Hollywood and the major record labels have always enjoyed a love-hate relationship with new media, alternating between roses and lawsuits for online entrepreneurs, if you will. Lately, it was looking a little like love was going to win. Hulu, after all, had convinced its detractors that even big dinosaurs can get things right, and record labels had started to embrace services like MySpace Music and Last.fm. But like an alcoholic that just can’t resist that drink, big media looks ready to relapse.
There’s been a lot of bad news out of the so-called Music 2.0 space this week, with Imeem said to be in financial trouble, and Last.fm forcing some of its subscribers to cough up around $4 per month. There’s also a storm brewing in the online video world, where some networks have started to take their most valuable content offline in order to maximize traditional revenue, and platforms like Hulu are being forced to fight any attempt to bring online content to the living room.
Record labels used to be something like the suicidal canary in the coal mine for Hollywood, eagerly moving from one life-threatening disaster to another. Big music tried to shut down Napster and its successors, only to make them stronger and much more popular in the process. The labels sued tens of thousands of file-sharers and in turn alienated a whole generation of would-be consumers.
Lately, however, it seemed like the music industry had finally come to its senses. Labels had forged relationships with ad-supported services like MySpace Music, Last.fm and Imeem, and even licensed YouTube to become something of a celestial video jukebox. Unfortunately, the honeymoon didn’t last very long. Warner’s deal with YouTube fell apart late last year, and the site has started to clear its site off all Warner Music tunes, taking down thousands of fair use videos in the process.
There were also reports this week that San Francisco-based streaming music startup Imeem is in the red with the labels because of previously negotiated royalty rates. The company told VentureBeat that it owes the labels “in the single-digit millions,” and MediaMemo reported that it was able to renegotiate how much it has to pay per song streamed with some of the big labels to avoid going under, but the crisis seems far from over. The irony of it all, of course, is that Imeem is partially owned by the major labels.
Then there’s Last.fm. The CBS-owned (s cbs) streaming music site surprised its international (read: outside of the U.S., UK and Germany) audience this week with the announcement that they will have to pay 3 euros (about $4) per month to keep the music coming. Last.fm also killed off third-party mobile clients, vaguely referring to “licensing agreements.” The reason for this is obvious: Record labels want to sell downloads, not deliver ad-free streams, to mobile users.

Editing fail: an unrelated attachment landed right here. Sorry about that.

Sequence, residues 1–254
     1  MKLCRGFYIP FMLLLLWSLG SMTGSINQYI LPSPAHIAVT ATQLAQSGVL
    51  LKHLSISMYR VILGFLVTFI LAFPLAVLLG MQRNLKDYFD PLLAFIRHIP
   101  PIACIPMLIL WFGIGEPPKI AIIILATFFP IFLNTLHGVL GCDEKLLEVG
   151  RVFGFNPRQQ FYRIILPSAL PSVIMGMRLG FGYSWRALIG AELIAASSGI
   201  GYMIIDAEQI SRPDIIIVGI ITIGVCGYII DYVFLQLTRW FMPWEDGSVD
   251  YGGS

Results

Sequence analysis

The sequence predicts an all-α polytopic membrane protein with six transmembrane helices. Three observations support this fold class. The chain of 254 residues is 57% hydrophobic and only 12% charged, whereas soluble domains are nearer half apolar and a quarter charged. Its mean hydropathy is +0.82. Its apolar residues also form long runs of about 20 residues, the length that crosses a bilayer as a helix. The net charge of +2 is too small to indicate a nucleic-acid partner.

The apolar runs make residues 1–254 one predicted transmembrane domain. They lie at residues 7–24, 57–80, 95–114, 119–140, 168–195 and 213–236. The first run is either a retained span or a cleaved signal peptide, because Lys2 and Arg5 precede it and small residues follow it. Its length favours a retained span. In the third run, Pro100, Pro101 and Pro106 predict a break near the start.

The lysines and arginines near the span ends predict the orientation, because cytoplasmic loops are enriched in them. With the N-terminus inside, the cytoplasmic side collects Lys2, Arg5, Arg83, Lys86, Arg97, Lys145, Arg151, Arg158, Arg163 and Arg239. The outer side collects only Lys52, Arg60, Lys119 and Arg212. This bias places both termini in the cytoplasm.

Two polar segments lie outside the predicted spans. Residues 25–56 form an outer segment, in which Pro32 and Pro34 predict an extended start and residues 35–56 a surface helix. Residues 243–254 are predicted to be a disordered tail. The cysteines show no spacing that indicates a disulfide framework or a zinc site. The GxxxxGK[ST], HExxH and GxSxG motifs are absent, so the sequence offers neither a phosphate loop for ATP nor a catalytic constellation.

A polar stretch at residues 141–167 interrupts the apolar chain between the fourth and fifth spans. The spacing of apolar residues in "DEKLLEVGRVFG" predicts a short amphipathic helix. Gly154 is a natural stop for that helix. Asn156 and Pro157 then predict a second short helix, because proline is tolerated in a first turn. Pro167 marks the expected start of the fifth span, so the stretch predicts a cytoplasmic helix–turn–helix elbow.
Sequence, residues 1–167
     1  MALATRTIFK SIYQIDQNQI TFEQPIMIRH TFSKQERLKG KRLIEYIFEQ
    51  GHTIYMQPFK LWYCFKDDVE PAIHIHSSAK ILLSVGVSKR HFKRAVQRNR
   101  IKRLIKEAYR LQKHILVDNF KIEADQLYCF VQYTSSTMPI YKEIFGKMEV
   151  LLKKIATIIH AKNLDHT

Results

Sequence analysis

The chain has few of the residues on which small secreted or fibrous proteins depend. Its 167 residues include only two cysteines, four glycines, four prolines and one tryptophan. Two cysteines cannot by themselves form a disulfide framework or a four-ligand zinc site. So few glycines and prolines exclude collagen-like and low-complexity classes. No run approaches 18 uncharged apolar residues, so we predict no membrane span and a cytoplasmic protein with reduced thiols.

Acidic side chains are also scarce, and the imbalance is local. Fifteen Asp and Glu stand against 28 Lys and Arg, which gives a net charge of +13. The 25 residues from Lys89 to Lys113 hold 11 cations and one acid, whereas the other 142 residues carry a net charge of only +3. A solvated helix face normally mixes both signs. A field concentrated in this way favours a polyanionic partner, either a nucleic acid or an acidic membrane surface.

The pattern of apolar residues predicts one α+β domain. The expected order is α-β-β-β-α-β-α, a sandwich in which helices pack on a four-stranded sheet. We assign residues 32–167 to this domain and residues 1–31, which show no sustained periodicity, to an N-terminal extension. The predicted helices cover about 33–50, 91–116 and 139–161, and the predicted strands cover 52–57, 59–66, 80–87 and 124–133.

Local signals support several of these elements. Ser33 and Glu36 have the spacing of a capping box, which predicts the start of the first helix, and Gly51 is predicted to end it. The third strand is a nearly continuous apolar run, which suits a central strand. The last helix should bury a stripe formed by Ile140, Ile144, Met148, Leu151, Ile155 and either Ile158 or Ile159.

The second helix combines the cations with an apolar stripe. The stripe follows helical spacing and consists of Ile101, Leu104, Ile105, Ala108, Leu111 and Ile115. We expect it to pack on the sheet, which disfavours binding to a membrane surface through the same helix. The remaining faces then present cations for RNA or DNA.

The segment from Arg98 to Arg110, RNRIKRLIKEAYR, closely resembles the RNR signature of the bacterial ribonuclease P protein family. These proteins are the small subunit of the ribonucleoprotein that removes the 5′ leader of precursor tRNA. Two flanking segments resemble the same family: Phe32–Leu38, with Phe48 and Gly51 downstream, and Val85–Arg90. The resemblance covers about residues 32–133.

The music industry isn’t the only one getting ready to kill off its young. Networks have increasingly been removing content from Hulu.com and their own web sites. It’s Always Sunny in Philadelphia episodes disappeared in January from Hulu, and shows like The Mentalist and Big Bang Theory were removed without warning from the CBS web site last fall. Finally, there’s the continuing spat between Hulu and Boxee, with rights holders pulling the strings to block any attempt to watch their content on TV-connected devices.
And things are gonna get worse, thanks to the fear of losing ad revenue in times of declining ad budgets, according to Forrester analyst JamesMcQuivey. “We expect this situation to intensify throughout the first half of 2009, resulting in bolder content restrictions on the part of content owners and more doubt cast on the role of online TV show aggregators,” he writes in a new report titled “Preparing For The Coming Online TV Backlash” that Forrester is sharing freely with registered users.
McQuivey isn’t the only one pessimistic about big media’s response to the recession. Liz noted on Friday that Hulu risks losing support from NBC and Fox, and another report just suggested that “Online video (is) not commercially viable.”
In fact, platforms like Hulu could soon find themselves in a situation similar to their musical counterparts Imeem and Last.fm. Hulu has shown some phenomenal growth, just like streaming music platforms, but all those public service ads we’ve been seeing lately seem to suggest that their ad inventory isn’t keeping up with that. Which means we could very well see Hulu and its online competition left in the cold while big media retrenches to oldteevee.